(RxWiki News) After suffering cardiac arrest, survivors don't always maintain full brain functioning. A simple bedside tool helps predict whether patients are likely to experience favorable neurological outcomes.
The large cohort study determined that factors including age and length of required resuscitation can successfully predict the probability of a favorable neurological outcome.
"Call 9-1-1 immediately if you suspect a person has suffered cardiac arrest."
Paul S. Chan, MD, MSc, lead author and a cardiologist with Saint Luke's Medical System, found that the tool was accurate in assessing patients who had been resuscitated following in-hospital cardiac arrest.
During the study investigators reviewed the records of 42,957 cardiac arrest patients through the American Heart Association's Get With the Guidelines registry. The program was initiated to monitor and improve care related to heart failure, stroke and resuscitation.
The patients, all of which were successfully resuscitated following in-hospital cardiac arrest, visited one of 551 U.S. hospitals between January 2000 and October 2009. Researchers randomly assigned two thirds of patients as a derivation cohort and the remainder as a validation cohort.
Rates of favorable neurological outcomes were similar, representing 25 percent from each group.
In developing the tool researchers identified nearly a dozen variables that were associated with maintaining brain function.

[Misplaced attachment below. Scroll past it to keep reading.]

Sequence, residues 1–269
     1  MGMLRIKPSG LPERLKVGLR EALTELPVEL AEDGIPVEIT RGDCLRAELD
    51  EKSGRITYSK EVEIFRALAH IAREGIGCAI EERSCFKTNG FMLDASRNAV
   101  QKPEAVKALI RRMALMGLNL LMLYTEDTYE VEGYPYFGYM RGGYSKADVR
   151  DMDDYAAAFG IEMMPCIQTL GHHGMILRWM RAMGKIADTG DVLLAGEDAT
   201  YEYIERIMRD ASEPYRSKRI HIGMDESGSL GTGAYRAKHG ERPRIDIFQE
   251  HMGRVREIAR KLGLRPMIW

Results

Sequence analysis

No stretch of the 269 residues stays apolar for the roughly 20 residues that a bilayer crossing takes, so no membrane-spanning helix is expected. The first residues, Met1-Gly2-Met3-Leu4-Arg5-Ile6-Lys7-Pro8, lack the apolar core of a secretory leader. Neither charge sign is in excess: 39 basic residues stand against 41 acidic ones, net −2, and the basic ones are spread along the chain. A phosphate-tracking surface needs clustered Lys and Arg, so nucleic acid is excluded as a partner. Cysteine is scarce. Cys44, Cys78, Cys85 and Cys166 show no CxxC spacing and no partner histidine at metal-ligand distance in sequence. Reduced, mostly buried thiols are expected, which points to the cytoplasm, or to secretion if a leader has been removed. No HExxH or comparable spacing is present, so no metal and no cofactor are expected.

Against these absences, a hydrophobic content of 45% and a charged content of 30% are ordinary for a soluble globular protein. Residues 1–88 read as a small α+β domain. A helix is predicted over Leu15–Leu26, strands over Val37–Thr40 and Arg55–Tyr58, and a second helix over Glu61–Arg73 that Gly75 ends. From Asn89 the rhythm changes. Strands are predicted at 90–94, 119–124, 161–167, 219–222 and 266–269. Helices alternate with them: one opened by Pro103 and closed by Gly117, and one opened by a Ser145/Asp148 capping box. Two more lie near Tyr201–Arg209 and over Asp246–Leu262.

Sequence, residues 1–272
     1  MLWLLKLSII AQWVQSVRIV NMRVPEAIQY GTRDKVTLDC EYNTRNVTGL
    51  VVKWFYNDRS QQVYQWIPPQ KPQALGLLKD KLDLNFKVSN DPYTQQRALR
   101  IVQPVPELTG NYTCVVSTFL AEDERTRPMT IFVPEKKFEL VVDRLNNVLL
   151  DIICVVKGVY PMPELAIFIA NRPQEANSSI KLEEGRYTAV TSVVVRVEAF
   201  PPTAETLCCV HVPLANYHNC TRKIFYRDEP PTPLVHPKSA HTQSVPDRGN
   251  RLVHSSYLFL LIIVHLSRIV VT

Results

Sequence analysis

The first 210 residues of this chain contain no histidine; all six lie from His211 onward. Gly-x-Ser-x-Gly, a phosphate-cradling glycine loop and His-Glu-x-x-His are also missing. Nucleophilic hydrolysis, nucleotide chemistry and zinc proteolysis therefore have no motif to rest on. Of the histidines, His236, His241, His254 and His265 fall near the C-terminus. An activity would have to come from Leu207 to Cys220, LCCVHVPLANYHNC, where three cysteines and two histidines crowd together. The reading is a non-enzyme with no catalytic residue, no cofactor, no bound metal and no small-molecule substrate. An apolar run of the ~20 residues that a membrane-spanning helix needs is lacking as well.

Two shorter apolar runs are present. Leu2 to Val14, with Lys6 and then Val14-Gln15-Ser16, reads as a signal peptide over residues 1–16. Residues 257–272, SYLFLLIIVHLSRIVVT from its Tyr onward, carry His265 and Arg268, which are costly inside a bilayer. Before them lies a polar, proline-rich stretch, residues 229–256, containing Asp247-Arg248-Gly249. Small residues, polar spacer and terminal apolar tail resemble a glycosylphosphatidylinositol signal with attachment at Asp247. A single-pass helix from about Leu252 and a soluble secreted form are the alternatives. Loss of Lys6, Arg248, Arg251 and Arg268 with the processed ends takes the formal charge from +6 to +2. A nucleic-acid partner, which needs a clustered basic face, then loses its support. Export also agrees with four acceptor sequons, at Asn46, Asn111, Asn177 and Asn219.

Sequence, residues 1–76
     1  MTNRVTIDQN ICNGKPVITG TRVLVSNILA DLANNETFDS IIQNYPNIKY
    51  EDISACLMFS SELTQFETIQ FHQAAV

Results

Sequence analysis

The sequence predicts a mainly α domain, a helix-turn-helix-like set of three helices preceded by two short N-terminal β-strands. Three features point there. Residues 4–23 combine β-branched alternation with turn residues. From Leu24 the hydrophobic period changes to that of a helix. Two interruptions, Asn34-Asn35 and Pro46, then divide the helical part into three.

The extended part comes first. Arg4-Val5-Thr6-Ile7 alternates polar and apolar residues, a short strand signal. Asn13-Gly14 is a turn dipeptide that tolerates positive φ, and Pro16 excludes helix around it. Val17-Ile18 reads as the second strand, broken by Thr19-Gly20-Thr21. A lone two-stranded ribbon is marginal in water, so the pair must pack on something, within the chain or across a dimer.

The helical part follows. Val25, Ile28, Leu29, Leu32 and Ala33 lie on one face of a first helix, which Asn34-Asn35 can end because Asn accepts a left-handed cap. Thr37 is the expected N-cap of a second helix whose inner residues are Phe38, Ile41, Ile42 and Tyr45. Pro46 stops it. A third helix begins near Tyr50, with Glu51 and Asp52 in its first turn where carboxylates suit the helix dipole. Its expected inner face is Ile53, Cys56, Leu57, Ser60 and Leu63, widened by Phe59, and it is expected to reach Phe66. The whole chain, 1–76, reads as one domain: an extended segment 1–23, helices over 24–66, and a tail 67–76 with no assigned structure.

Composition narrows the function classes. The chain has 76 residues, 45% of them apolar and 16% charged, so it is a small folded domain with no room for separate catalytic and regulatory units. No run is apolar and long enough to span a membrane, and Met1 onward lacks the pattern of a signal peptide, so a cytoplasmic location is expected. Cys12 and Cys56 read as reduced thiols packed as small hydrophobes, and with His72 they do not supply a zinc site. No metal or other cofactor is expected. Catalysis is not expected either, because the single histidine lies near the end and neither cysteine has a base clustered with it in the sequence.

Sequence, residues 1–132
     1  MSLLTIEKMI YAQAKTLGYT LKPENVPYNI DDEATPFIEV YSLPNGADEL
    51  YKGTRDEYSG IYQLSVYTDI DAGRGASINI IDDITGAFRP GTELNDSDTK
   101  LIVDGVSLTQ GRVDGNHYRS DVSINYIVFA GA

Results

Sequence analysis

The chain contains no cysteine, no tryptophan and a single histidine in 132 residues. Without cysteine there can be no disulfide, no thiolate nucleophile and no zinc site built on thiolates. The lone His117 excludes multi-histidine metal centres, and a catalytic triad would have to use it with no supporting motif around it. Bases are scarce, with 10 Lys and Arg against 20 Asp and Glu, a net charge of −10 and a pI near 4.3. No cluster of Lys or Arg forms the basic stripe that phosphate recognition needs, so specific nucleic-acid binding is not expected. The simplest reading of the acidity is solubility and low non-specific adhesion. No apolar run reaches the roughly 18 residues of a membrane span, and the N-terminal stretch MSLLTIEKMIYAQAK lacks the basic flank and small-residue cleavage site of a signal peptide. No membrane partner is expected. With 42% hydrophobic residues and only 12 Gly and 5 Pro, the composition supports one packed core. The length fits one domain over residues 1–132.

These included younger age, brain functioning prior to cardiac arrest, whether the cardiac arrest occurred in a monitored hospital unit, quicker resuscitation time and lack of need for mechanical ventilation, or assisted breathing.
Other factors included renal or hepatic insufficiency, development of bloodstream infection sepsis, presence of other malignant diseases, low blood pressure prior to cardiac arrest or exhibiting certain heart rhythm changes with a defibrillation time of less than two minutes.
After using the tool to assess patients, researchers found that patients in the top 10 percent had a 71 percent chance of a favorable neurological outcome. Those in the bottom 10 percent had a 3 percent change of maintaining brain function.
Researchers indicated the tool would aid doctors, patients and families in predicting the probability of a favorable neurological outcome.
The study was recently published in the Archives of Internal Medicine, a publication of the Journal of the American Medical Association.